- Atwoli says microfinance institutions have not only made the average Kenyan poorer but also killed their businesses.
- He has reminded the CBK Governor, who is a practising Christian, that if anything, the conduct of the money lenders’ are not only illegal but also ungodly.
Central Organization of Trade Unions (COTU) Secretary-General Francis Atwoli has come out guns blazing against digital microfinance institutions over their “extortionate” rates.
In a statement to the press on Tuesday, an abrasive and straight-talker Atwoli asked the Central Bank Of Kenya (CBK) and Parliament to crack down on the microfinance institutions, stating that their conduct is “not only illegal but also ungodly.”
According to Atwoli, COTU has received countless petitions from
Kenyans lamenting about the exploitation being meted against them by the notorious money lenders.
The 71-year-old maintains the net results of digital lenders’ mode of operation has only served to impoverish the customers further, rather than help them grow economically.
“In the name of financial inclusion, the digital microfinance institutions, and by extension mobile lenders, have continued impoverishing Kenyans by imposing draconian interest rates on their credit facilities. This… is daylight robbery practised by institutions that…are supposed to be helping the poor and small businesses grow,” the statement read in part.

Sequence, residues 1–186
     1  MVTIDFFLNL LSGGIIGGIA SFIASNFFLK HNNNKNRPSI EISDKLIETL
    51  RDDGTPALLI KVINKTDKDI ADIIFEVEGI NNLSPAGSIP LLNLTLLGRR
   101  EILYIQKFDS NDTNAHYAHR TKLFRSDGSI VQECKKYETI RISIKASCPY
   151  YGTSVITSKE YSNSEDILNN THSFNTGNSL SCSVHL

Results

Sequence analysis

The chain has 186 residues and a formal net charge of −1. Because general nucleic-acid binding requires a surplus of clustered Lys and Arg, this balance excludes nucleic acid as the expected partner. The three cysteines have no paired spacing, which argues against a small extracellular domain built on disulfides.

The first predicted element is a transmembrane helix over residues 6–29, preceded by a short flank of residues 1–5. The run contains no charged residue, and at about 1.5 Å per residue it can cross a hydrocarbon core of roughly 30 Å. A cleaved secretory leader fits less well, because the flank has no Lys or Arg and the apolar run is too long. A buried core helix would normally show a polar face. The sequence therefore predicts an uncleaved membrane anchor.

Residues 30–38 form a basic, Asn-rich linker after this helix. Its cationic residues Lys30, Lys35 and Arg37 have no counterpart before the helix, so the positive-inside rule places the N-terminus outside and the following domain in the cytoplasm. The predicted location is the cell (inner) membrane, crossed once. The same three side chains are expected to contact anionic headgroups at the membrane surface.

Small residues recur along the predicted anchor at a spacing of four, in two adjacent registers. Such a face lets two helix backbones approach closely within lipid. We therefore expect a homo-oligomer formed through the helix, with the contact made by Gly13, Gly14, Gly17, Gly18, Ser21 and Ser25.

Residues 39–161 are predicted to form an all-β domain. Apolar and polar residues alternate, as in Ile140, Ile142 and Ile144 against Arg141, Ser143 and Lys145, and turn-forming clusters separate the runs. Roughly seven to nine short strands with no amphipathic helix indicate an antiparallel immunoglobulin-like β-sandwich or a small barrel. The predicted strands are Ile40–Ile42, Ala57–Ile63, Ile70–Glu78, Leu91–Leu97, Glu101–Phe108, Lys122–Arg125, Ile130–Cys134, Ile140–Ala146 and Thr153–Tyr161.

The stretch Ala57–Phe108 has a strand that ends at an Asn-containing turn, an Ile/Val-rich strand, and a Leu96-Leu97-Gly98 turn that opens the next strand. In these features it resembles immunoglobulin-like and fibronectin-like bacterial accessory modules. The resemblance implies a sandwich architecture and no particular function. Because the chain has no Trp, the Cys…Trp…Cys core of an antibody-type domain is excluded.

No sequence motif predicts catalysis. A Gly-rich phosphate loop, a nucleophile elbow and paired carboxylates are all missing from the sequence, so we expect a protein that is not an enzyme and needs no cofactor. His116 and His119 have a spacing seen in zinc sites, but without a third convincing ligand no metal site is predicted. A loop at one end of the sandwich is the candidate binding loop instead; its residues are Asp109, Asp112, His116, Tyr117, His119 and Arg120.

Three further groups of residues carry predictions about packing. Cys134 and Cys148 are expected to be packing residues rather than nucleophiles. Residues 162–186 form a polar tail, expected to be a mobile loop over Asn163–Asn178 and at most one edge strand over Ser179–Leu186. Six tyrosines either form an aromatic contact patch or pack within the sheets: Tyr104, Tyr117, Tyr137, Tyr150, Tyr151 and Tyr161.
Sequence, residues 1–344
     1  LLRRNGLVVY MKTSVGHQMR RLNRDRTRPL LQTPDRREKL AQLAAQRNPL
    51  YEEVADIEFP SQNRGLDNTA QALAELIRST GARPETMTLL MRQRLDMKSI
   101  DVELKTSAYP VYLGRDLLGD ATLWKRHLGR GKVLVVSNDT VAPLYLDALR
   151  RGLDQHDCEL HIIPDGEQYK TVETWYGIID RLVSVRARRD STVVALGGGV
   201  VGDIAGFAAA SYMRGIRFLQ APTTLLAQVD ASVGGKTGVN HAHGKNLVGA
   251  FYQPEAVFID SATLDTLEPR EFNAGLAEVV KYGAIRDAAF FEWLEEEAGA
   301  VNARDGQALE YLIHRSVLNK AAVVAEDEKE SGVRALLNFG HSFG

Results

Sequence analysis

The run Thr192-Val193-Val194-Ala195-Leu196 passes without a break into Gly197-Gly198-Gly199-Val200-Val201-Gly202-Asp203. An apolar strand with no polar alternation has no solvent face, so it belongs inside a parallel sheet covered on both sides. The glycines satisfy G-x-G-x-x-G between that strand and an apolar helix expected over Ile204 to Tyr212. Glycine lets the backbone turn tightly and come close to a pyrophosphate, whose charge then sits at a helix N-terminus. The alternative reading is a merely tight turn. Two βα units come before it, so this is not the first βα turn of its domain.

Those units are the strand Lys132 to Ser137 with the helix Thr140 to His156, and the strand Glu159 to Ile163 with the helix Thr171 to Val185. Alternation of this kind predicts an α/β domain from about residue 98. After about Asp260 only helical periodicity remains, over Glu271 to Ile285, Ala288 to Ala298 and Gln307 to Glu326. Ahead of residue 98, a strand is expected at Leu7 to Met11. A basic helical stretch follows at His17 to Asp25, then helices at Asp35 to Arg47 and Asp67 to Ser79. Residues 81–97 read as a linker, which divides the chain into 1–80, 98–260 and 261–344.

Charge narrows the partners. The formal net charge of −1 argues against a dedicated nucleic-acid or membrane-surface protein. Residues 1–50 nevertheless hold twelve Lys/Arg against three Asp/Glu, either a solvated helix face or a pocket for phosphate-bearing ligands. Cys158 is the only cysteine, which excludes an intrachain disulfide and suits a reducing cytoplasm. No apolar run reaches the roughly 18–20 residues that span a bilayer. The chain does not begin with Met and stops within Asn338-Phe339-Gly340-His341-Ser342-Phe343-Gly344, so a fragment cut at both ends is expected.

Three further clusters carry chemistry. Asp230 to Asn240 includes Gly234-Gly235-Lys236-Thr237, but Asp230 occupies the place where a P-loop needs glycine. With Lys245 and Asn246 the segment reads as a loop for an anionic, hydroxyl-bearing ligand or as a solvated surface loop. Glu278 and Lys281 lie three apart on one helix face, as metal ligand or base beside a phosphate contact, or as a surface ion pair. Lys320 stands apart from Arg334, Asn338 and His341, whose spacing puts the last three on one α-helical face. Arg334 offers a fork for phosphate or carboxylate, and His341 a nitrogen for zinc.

Francis Atwoli Sees Exploitation?
While drawing comparisons to banks in Kenya that are regulated by CBK, the COTU boss has noted that digital lenders issue interest rates as far as 500% against the bank’s 14% cap.
“With most banks having their interest rates between 12% to 14% per annum, most of the digital lending facilities have interest rates of between 70% to 500% per annum. Fuliza by Safaricom, has an interest rate of 1% per day and more than 360% p.a. Others …have an interest rate of 25% after every two weeks while others 33% for every week… no amount of ‘risk factor’ can substantiate this kind of banditry,” he argues.
The trade unionist has urged CBK to fast-track its move to save Kenyans “from the digital microfinance institutions that are exploiting Kenyans left, right and centre.”
He also called upon Parliament to come up with sound legislation, that will facilitate the crackdown on the “rogue digital microfinance sector” in Kenya.
In a planned effort to regulate the digital lending sector, CBK will be pushing for their licensing.
Should the Central Bank (Amendment) Bill, 2021 be passed into law, the lenders will risk having their linceses cancelled if they fail to comply with data protection laws.